The federal Occupational Safety and Health Administration and the Federal Motor Carrier Safety Administration are tag-teaming transportation employers. They’ve signed a Memorandum of Understanding in which they agree to share information about allegations of safety, coercion, and retaliation.
And last week, OSHA ordered a Michigan asphalt company to pay almost $1 million to a foreman and two drivers who claimed that they were fired in violation of the Surface Transportation Assistance Act for engaging in protected activity related to driver hours of service.
It’s a mistake for trucking employers to breathe a sigh of relief when the FMSCA auditor drives away – because the OSHA inspector may be right behind. Here are some areas you should look at before any auditor or inspector arrives:
- Forklift Compliance. Are forklifts in good working order, with legible data plates and functioning seatbelts that are consistently used? Are attachments approved by the manufacturer? Do you regularly conduct required pre-shift inspections? Have all operators been trained and evaluated, and then re-evaluated every three years?
- Loading Docks. Do you regularly review procedures and check equipment used to prevent trailers from mistakenly pulling away while being loaded? And, if any loading dock is 4 feet high or higher, to prevent forklifts or employees from falling off the dock?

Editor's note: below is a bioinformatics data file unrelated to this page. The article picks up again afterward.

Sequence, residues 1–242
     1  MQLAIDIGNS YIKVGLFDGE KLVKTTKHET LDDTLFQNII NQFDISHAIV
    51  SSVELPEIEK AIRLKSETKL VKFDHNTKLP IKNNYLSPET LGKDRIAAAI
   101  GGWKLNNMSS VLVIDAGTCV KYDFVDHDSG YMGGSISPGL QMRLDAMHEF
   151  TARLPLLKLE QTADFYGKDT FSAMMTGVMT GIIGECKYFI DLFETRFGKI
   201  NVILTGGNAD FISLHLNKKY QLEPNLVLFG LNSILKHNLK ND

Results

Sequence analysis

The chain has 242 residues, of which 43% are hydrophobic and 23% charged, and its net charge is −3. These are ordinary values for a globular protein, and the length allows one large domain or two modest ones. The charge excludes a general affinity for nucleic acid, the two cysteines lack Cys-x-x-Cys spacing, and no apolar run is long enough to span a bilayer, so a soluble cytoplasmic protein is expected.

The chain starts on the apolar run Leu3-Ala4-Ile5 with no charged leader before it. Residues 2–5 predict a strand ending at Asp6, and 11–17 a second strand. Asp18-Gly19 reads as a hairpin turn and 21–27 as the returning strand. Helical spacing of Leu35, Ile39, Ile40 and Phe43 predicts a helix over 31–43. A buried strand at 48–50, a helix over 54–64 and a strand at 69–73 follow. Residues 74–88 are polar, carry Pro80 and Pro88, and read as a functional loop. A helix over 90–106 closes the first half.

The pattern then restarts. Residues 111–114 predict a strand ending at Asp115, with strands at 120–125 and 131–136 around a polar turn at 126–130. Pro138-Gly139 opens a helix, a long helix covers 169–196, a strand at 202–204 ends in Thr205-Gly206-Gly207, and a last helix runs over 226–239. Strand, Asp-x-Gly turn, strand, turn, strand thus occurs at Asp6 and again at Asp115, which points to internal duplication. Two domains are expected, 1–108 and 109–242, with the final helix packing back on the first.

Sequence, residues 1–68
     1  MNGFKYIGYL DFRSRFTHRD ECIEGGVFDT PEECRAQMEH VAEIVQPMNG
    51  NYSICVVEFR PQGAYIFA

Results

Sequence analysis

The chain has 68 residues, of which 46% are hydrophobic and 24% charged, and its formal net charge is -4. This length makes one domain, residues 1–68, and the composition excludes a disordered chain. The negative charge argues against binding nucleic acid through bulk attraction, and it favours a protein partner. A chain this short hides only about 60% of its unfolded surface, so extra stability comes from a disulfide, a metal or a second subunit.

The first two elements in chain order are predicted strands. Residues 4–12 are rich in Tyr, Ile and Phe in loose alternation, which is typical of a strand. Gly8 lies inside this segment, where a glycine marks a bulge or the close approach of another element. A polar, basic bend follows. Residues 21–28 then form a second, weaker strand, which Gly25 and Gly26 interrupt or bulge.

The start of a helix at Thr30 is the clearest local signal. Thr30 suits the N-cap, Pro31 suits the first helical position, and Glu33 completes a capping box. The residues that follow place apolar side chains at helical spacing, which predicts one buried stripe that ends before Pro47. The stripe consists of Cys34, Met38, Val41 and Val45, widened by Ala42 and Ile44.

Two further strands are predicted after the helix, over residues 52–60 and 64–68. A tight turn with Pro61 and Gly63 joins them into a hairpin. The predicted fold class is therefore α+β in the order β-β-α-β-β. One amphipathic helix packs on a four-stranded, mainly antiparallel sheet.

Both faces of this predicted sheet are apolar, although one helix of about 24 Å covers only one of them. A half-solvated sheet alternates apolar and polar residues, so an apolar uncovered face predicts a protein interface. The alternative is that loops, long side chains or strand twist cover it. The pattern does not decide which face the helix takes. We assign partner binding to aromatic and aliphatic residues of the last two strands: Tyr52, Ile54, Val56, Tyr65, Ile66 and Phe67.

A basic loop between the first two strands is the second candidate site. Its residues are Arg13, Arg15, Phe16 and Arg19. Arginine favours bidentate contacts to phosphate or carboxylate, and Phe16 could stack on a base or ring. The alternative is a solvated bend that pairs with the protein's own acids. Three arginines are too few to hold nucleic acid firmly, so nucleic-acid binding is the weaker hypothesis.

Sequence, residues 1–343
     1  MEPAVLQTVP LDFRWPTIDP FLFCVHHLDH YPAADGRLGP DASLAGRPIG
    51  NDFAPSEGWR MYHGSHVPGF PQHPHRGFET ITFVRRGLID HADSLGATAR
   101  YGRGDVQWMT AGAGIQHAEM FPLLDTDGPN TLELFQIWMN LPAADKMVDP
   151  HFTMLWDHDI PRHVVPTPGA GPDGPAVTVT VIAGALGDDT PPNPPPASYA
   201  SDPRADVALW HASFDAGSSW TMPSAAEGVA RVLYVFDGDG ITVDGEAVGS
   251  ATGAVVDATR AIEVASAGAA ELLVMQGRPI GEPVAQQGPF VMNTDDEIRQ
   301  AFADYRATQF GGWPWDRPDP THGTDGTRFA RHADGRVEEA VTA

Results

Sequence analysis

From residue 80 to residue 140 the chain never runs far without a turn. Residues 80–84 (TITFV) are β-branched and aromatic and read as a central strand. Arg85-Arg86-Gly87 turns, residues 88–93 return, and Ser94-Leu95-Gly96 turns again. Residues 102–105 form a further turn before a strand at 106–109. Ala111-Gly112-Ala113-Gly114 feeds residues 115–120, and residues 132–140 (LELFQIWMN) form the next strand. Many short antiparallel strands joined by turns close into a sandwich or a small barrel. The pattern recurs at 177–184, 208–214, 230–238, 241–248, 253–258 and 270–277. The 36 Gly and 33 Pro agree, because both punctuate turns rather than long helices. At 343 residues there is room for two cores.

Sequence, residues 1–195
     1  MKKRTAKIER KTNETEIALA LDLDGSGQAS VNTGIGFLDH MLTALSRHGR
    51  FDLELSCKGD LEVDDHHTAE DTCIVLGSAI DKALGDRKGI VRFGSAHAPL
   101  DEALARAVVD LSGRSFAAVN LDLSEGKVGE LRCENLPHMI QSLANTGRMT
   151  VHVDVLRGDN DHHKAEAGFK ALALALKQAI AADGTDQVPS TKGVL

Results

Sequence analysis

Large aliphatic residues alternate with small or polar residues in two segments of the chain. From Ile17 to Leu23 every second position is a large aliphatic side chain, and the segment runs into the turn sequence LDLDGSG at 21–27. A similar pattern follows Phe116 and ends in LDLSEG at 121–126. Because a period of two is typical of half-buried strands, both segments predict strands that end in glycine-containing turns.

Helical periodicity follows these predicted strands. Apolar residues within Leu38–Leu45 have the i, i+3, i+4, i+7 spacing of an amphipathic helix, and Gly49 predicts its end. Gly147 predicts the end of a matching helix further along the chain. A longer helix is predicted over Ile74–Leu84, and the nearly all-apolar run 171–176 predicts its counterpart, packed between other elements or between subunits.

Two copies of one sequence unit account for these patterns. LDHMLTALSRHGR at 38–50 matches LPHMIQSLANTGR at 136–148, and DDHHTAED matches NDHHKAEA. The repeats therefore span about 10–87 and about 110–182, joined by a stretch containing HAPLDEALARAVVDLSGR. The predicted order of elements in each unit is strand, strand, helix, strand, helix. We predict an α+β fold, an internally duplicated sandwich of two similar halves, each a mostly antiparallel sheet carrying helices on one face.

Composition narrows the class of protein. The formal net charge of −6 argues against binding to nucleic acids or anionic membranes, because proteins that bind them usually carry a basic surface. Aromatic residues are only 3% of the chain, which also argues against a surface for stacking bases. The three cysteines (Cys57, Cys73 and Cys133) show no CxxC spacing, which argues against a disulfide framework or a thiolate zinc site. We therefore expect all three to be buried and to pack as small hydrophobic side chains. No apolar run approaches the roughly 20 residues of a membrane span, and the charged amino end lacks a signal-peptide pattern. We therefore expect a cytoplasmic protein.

- Terminal shop and fuel islands. These are considered “low-hanging fruit” for OSHA inspectors, who frequently find unguarded or unanchored grinders and drills, use of compressed air without safety nozzles, lack of eyewash facilities, trailer top repair work without fall protection, and unlabeled containers of oil, antifreeze, or even window washer fluid.
- Safety shoes. OSHA inspectors have even been known to cite employers for not requiring dock employees to wear safety shoes with protective toes.
- FMSCA compliance. The OSHA inspector may tell you in the closing conference that employees alleged FMCSA violations, such as exceeding hours of service, falsification of logs, or improper maintenance of tractors and trailers. The OSHA inspector may also notice and refer visible FMCSA compliance issues, such as improperly loaded trailers, missing or erroneous hazardous material placards, or hazardous cargo that is improperly packaged and leaking, or missing the required labels.
- Whistleblowers. Of course, because the primary focus of the MOU is whistleblower protection, either an FMCSA auditor or an OSHA compliance officer would quickly refer any claim of safety-related retaliation. Those complaints would be referred to OSHA’s Whistleblower Protection Programs division for investigation. All trucking employers should already have in place an effective whistleblower protection policy, with training for managers, supervisors, and employees.
With a good safety and whistleblower policy in place, you should be ready for the FMCSA-OSHA “tag team.”